If you’re a music fan in Toronto, chances are you have some fond memories seeing a band you love at the Horseshoe Tavern. The legendary venue’s storied history stretches back to 1947 when local entrepreneur Jack Starr purchased the building at 368-370 Queen Street West with the goal of opening up a restaurant-tavern that doubled as a music venue. The Horseshoe Tavern officially opened its doors on December 9th, 1947. Seventy years later, the ‘Shoe remains one of Canada’s most important and cherished venues.
The Horseshoe building itself is even older. Erected in 1861, it originally housed a blacksmith shop before it became a shoe shop, and then a fancy goods store. When Starr converted the commercial building to a restaurant-tavern, he capitalized on Ontario’s new liquor laws and was one of the first to serve alcohol in the area. In the 1950s Starr renovated the kitchen to build a stage for bands to perform, and started booking country acts. Big name stars like Loretta Lynn, Waylon Jennings, and Willie Nelson all took the stage at the Horseshoe during its early days, as well as a struggling new-comer from the Maritimes who called himself Stompin’ Tom Connors. Jack Starr hired Connors to perform for $150 a week, and it was at the Horseshoe where he became a Canadian music legend.
In the 1970s, the Horseshoe began one of its first major transformations. Country music was falling out of favour as younger rock ‘n’ roll artists were taking over. As Jack Starr was retiring in 1976, promoters Gary Cormier and Gary Topp signed on to steer the Horseshoe in a new direction. They focused on rock, punk and new wave artists, bringing in the Police, the Talking Heads, MC-5, and the Ramones, to name a few. This era of the Horseshoe famously ended during a going-away party that the police tried to shut down, but instead set off a riot. The night was captured in Colin Brunton’s documentary film “The Last Pogo.”
In 1983, Jack Starr came out of retirement and enlisted the help of Michael Macrae, Dan Akroyd and Richard Crook to help run the club. In the spring of 1983, Starr hired a man called Ken Sprackman to drive his car from Florida to Toronto. Sprackman was more than just a driver though, he happened to have a successful history in business including opening a Mr. Sub franchise in Vancouver, a Howard Johnson’s in Oshawa, and had recently saved a failing Toronto night club called Hotel Isabella. Sprackman was interested in the Horseshoe, and he became a partner within months of meeting Starr. Sprackman changed the layout of the venue to how it is today, with a bar in the front and the venue in the back. Their artist bookings at this time included Blue Rodeo, Prairie Oyster, The Bopcats, and Handsome Ned, and the venue redefined itself with its mix of roots, country, blues and punk music. Over the next few years, many up and coming Canadian bands got their start at the Horseshoe including The Watchmen, Pursuit of Happiness, Amanda Marshall, The Skydiggers, and of course, the Tragically Hip.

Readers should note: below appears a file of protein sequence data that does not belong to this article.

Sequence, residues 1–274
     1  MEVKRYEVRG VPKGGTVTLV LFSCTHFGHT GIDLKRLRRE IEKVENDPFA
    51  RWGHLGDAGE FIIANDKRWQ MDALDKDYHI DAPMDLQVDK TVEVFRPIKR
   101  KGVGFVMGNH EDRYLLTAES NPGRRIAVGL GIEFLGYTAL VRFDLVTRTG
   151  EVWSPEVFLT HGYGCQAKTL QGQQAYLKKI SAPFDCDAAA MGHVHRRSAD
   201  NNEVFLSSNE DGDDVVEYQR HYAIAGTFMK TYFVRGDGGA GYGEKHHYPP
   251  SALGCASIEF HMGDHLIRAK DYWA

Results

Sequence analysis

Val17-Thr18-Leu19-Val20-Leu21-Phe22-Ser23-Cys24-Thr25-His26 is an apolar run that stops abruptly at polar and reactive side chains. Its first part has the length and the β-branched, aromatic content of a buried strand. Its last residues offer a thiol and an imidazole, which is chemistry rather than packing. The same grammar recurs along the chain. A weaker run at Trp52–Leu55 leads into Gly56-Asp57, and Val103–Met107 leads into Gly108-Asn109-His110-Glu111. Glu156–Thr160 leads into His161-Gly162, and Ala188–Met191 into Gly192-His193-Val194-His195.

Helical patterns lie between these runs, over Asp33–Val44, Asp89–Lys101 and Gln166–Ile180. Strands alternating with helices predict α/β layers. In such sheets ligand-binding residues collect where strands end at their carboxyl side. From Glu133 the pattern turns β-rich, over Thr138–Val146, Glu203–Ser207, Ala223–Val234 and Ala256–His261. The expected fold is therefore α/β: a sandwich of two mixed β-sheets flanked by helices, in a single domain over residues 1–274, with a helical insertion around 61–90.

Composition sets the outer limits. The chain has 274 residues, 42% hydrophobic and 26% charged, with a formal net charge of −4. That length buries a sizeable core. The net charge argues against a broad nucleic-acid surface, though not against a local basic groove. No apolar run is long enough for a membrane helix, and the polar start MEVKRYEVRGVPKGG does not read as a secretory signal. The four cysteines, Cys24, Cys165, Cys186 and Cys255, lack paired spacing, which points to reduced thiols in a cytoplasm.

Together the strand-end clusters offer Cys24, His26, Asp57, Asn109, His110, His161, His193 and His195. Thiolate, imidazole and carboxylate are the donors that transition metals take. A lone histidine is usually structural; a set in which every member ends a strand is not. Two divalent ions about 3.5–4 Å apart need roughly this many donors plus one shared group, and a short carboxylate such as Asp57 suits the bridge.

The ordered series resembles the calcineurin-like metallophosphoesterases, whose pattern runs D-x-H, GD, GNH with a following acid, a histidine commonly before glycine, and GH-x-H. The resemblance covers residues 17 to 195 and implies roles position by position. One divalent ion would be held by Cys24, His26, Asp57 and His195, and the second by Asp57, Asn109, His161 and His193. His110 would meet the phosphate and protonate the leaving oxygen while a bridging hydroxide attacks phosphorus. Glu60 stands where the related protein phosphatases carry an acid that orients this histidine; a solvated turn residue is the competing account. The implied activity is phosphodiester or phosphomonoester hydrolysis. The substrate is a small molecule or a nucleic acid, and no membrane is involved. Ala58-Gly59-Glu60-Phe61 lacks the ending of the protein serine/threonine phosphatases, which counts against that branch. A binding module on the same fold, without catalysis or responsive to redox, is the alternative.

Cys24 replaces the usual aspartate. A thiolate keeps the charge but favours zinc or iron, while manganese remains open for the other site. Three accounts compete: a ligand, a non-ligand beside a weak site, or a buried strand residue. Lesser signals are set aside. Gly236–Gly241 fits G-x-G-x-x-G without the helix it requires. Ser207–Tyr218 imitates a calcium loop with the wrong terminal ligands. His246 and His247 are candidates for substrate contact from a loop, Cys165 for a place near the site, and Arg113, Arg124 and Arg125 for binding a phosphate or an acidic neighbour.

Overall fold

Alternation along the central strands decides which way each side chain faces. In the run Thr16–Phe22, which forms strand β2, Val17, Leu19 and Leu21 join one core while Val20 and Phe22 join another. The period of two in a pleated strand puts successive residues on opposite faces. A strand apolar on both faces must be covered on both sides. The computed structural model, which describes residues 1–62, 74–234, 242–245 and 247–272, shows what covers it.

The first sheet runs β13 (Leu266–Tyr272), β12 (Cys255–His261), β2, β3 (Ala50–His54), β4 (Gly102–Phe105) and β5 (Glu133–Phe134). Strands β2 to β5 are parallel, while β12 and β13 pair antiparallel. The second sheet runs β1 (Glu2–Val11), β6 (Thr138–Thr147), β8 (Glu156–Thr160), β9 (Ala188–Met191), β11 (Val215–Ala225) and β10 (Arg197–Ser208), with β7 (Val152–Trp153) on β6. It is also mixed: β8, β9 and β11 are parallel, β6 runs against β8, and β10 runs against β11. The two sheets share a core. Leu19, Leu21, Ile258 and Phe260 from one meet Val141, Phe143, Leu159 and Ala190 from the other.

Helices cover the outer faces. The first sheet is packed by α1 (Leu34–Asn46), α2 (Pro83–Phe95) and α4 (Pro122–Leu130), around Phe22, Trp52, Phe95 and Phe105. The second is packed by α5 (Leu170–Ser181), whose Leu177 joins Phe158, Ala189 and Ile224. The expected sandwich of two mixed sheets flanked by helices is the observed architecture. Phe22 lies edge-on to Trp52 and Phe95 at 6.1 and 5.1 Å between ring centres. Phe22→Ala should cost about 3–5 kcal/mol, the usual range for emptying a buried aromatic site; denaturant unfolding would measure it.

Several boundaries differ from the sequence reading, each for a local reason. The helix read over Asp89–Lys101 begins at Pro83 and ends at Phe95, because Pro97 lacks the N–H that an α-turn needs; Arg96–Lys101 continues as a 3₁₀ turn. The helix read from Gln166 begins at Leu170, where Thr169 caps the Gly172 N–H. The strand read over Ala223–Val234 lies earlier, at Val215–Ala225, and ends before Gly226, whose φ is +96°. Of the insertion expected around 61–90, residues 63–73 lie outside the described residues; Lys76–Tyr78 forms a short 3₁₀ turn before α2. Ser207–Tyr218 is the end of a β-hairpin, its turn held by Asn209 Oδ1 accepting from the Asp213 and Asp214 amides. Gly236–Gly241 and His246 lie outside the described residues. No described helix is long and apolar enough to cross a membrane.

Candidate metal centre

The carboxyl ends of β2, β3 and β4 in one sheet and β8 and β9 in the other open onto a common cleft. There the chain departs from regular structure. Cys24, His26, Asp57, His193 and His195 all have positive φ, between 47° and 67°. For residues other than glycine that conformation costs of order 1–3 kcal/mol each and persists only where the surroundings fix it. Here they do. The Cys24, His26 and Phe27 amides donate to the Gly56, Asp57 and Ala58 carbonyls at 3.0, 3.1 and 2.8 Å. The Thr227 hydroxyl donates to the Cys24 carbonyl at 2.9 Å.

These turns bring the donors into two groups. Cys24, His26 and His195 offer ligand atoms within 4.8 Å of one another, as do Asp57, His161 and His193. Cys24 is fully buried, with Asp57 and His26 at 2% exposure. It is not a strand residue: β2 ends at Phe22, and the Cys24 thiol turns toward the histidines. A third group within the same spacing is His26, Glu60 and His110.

During the late ’90s, the venue teamed up with Indie88’s own Dave Bookman and began its famous no-cover Nu Music Night, allowing young emerging bands more opportunities to perform. Tons of bands who went on to become massive stars benefited from this program, including Ryan Adams, Eels, Spoon, Son Volt, Joel Plaskett, Matt Mays, and the Strokes. The following years at the ‘Shoe featured the Pixie’s Frank Black doing a five night stand, five shows by Jeff Tweedy of Wilco, plus shows by iconic indie acts like Death Cab For Cutie, Neutral Milk Hotel, Bright Eyes, Arcade Fire, the Constantines, Franz Ferdinand, The National, The Shins, and The Decemberists.
The Horseshoe is still as relevant as ever, and right now they’re celebrating their 70th anniversary with a special concert series that runs until the end of the year. Sam Coffey and the Iron Lungs, Lowest of the Low, Skydiggers, Julian Taylor Band, Jim Cuddy, the Constantines, Rheostatics and the Tea Party are all taking the legendary stage over the next month before The Sadies celebrate new years eve at the Horseshoe (as is tradition.)